Being in this world and not of this world is the essence of the recovery of the original gospel message of Jesus, reiterated by George Fox and lived and practiced by the first friends. The extraordinary clear and challenging understanding of the original Christianity that the apostles knew and understood and Fox taught and believed is still here to be felt, and that is essentially all Lewis Benson asks us to remember. Fox revitalized Christ’s simple message from the same center that Lewis Benson revitalized Fox’s simple message and this is the heart of Quakerism. Both men gave “witness” to the life blood of Quakerism, simply “staying in the light”.

The first time I ever knew that Lewis Benson existed was at Manasquan Meeting when Norma Heller took me aside and suggested I read some of his writings. The fact that he was once a member of little, humble Manasquan intrigued me. In the silence that followed he obviously spoke to me. In an old photograph Bob Lane showed me he stood before the meeting to speak. In that photograph he stood as he would have appeared to me if I sat where I usually do. As I confabulated that past and the present in my imagination Lewis Benson was standing to Dean Freiday’s right hand in the seat I had become familiar with as his usual place. I soon found myself consuming everything I could find he had written and he was speaking within my hearing.
This was the Quakerism I had been taught and all Lewis Benson’s thoughts seemed like echoes from the faint memories of my early life and in that familiarity I found a great comfort and a supportive reawakening of my Quaker being.

Today at Manasquan, in our little meeting, some of the messages that come to us from the greater Quaker world ring discordantly in our ears and the creeping apostasies of worldly influences on our faith can only remind us that when we listen to other than Christ’s message the light that is given us can dim to where the way is obscure.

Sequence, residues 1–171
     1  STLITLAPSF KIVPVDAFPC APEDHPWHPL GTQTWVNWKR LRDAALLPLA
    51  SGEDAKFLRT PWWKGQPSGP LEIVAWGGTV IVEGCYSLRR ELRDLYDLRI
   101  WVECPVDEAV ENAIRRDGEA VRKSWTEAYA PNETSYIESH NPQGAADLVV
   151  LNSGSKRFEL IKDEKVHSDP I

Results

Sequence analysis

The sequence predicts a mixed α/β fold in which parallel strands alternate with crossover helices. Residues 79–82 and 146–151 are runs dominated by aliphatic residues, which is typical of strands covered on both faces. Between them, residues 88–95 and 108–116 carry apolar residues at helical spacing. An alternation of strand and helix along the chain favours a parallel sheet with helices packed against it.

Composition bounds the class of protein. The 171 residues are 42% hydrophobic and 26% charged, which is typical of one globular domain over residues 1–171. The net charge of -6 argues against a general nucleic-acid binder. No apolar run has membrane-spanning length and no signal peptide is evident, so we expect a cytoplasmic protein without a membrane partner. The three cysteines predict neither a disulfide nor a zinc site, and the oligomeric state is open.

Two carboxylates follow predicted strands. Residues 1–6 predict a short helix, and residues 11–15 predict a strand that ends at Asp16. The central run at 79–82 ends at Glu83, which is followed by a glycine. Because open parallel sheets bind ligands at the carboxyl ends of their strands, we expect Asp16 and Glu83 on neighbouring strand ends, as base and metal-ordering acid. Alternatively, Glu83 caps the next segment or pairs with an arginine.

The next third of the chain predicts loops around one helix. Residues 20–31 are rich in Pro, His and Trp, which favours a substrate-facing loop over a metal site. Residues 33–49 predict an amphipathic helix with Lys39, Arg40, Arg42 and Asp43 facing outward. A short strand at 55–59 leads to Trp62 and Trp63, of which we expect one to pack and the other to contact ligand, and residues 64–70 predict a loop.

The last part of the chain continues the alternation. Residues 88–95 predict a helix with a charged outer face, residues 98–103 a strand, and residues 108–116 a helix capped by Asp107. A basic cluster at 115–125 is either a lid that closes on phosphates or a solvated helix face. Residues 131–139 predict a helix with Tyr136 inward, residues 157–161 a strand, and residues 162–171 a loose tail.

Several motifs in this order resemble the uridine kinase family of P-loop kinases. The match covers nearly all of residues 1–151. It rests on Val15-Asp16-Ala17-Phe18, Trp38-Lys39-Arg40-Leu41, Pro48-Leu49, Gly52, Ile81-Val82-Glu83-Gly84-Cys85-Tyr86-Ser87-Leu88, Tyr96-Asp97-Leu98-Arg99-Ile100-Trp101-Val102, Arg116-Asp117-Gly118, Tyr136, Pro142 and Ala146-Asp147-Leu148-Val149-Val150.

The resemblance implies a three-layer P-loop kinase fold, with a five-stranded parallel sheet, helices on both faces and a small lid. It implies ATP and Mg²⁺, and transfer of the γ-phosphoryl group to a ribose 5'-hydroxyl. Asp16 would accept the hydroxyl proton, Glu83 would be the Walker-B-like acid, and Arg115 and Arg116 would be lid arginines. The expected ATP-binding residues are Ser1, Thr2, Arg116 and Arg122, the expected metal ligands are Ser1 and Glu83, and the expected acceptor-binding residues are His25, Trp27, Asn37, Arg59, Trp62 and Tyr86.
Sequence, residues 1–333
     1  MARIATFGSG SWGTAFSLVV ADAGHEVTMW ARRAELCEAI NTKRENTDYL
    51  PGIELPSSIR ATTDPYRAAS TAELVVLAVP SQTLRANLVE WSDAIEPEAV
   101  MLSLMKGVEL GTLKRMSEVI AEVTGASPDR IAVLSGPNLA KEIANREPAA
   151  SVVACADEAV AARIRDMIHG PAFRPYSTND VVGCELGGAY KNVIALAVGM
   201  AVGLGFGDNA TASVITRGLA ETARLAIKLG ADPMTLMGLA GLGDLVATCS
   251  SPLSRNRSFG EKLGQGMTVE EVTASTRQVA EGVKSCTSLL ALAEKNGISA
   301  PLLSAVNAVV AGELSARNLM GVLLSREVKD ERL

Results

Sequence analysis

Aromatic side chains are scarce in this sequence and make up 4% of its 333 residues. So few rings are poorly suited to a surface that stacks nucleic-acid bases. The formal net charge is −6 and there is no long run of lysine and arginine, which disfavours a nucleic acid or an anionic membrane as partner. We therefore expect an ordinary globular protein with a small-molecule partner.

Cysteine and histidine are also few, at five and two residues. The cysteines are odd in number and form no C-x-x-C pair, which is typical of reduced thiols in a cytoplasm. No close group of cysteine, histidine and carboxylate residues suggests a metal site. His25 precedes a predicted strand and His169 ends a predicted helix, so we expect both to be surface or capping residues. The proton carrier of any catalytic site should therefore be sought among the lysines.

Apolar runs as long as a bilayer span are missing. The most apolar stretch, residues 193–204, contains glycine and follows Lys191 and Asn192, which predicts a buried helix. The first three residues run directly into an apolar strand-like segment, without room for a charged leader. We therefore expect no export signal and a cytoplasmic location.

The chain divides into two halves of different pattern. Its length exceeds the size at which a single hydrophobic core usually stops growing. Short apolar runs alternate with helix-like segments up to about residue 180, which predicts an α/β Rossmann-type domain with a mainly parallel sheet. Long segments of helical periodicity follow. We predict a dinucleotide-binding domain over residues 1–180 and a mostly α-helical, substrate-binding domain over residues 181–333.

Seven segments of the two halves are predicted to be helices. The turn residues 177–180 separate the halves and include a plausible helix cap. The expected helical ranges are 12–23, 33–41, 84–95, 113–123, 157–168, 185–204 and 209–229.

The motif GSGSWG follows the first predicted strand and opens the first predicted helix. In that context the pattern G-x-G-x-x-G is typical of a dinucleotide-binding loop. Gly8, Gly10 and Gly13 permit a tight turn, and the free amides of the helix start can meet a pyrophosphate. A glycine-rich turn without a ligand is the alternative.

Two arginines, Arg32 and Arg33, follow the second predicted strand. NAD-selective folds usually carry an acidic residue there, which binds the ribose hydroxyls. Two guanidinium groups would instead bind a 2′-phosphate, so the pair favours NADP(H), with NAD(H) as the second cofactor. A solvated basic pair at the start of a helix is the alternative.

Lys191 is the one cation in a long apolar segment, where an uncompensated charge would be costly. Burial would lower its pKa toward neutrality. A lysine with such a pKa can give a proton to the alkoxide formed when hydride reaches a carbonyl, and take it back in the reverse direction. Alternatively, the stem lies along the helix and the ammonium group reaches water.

It is no wonder that Lewis Benson, in his search to see Fox clearly, came to see the world in a similar light and the sad part is that all Quakers today do not take the same view today. Lewis Benson honored the teachings of Fox in his skepticism of liberalism or humanism or secularism or whatever you chose to call the dilution of Jesus’ place in our philosophy. George Fox and Lewis Benson’s tenacity in maintaining the absolute necessity of a clear focus on Jesus as the teacher is as much a tribute to what weighty friends they were as our complacency and apathy in this regard demonstrates what lightweights we are.

Each and every Quaker is called as a prophet, called as a gospel preacher to give witness to the message of brotherly love and peace that was given us by Jesus. Lord knows peace, patience and forgiveness are not of this world and “brotherly love” is still the lip service paid by pious Christian poseurs, as it was when George Fox walked abroad exposing it. Lewis Benson, in his time, exposed an ecumenical dilution of the Christian center of Quakerism which might be more injurious than the false pieties condemned by Fox. Both men demanded Quakers to keep the teachings of Jesus at the center of our faith, for without that understanding, to whom do we listen for guidance in the silence?

There was a natural combativeness shared by George Fox and Lewis Benson that did not shirk from the duties they felt compelled to perform. George Fox would unabashedly “dispute with them” and Lewis Benson, as he did the same, suffered a like censure from fellow Quakers until they understood, stood in the light of the truth.
Having that “spirit” of conviction might simply be, as observed by Robert Barclay,” that the Spirit is that guide by which the saints are led to all truth”. “Speaking or answering to that of God in everyone” is simply being consistent with the teachings of Christ, as would be speaking or answering to that of God in everything. In the world today, with the environment in the perilous condition it is, if we acknowledge Fox and Benson’s message that “Christ has come to teach his people himself” we can easily speak to that of God in the world, and then our destructive conduct against nature is easily seen as simply conduct against the teachings of Christ.

When Lewis Benson elucidated the primacy of Fox’s concept of “Christ has come to teach his people himself” he emphasized the cornerstone of Quakerism which was built on that foundation. By naming this movement the “New Foundation Fellowship” Lewis Benson gave witness to the revival of Fox’s basic tenet of Quakerism. This cornerstone is a “tested stone, firmly placed”, as Isaiah says, and “he who believes in it will not be disturbed”.